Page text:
The craziest thing about President Trump’s ban on admitting people from seven countries to the United States is not the sheer irrationality of the blanket bans, the anti-Muslim racism that inspired it or even the cruelty and suffering it causes by keeping families apart.
What’s most vexing about the policy is that there’s no clear way for the thousands of visa applicants who are related to U.S. citizens or legal permanent residents and who want to live with their family members in the United States to apply for a waiver.
But the record shows that if these applicants can get enough public attention to their case, somehow, sometimes, the waiver gets mysteriously granted. That lays bare the dysfunctional implementation of the travel ban and suggests the State Department can be embarrassed into applying it humanely.
Comedian Samantha Bee illustrated this earlier this month, with help from the Center for Constitutional Rights, Sen. Chris Murphy (D-Conn.), House Speaker Nancy Pelosi (D-Calif.) and Rep. Brenda Lawrence (D-Mich.). They pooled efforts to advocate publicly and privately for the State Department to grant waivers to several Yemeni citizens in Djibouti seeking visas to join their U.S. citizen family members here in the United States.
Bee traveled to Djibouti in March and interviewed seven members of these families, each of whom is trapped in a legal limbo called administrative processing while they await a waiver. In her April 10 segment on TBS’s “Full Frontal with Samantha Bee,” Bee called on Secretary Mike Pompeo to grant their waivers so they could attend her “Not The White House Correspondents’ Dinner” on April 26 in Washington.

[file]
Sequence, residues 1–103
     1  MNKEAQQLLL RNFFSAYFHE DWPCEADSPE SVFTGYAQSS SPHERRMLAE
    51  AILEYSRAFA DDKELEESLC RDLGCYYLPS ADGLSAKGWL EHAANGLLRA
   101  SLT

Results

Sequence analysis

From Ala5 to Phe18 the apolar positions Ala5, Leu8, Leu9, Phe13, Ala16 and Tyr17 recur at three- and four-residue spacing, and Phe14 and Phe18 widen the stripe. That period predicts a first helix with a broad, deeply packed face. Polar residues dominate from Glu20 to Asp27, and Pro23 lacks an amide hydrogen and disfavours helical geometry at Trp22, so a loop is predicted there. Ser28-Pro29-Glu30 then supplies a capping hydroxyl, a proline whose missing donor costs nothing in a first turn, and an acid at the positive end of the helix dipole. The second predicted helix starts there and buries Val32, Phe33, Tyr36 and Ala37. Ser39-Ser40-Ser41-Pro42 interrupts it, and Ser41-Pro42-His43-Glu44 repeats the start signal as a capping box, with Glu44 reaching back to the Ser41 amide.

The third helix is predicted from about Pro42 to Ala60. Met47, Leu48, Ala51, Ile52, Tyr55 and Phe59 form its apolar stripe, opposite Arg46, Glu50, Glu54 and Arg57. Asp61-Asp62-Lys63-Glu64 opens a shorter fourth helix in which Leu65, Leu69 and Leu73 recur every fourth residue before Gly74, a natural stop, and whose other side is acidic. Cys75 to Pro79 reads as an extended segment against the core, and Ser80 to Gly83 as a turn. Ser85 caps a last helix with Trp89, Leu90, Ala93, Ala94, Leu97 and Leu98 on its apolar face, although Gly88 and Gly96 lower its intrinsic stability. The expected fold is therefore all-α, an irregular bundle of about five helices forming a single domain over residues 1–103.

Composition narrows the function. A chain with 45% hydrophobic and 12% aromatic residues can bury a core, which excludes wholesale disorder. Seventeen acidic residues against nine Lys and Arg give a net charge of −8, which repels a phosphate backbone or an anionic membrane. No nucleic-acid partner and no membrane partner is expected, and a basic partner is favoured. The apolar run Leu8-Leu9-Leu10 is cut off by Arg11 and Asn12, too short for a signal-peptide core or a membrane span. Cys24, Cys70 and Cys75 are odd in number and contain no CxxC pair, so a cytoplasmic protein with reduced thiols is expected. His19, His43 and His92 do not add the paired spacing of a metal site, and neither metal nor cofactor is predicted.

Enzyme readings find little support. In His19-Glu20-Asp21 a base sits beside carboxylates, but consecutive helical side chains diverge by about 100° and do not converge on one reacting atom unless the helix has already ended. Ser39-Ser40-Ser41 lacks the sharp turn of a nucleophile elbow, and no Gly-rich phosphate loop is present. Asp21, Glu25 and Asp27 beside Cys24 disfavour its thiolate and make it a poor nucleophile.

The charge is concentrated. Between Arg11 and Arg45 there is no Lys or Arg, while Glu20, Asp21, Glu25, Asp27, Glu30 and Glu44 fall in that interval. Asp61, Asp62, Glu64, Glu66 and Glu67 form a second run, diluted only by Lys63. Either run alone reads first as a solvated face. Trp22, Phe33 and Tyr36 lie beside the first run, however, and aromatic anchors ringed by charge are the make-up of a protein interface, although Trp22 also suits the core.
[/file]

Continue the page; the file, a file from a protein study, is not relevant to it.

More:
Since the episode aired, three of Bee’s seven interview subjects were informed their waivers have been approved and two have received their visas. They had all been waiting months or even years with no word whatsoever. Four are still waiting for word from the State Department.
“If this is what it takes to resolve the waiver issue for these families, then I wish we could have met, interviewed and invited thousands of them to the Not The White House Correspondents’ Dinner,” Bee told me.
It’s not the first example of media attention seeming to jar the State Department into granting waivers for family members of Americans stranded by Trump’s travel ban. In January, my Post colleagues Jason Rezaian and Kate Woodsome profiled two couples in a similar situation. Nine days after the piece published, one of the spouses was informed he would be getting a waiver.
In the case of the Yemenis interviewed on “Full Frontal,” the cases began to move after Bee and the Center for Constitutional Rights started contacting the State Department and congressional offices. For example, Nabil Shaibi and his three sons are all U.S. citizens, but their mother, Asbania, is not. Due to the travel ban, the family has been waiting in Djibouti for 1½ years. Her waiver was approved last week — and this week, the family will finally travel together to the United States. But some damage has already been done.
“The travel ban has taught me that it’s never worth giving up on family, even if I had to give up pursuing my American Dream,” Nabil Shaibi told me. “We lost a lot. I am saddened and confused by why we had to go through this ordeal in the first place.”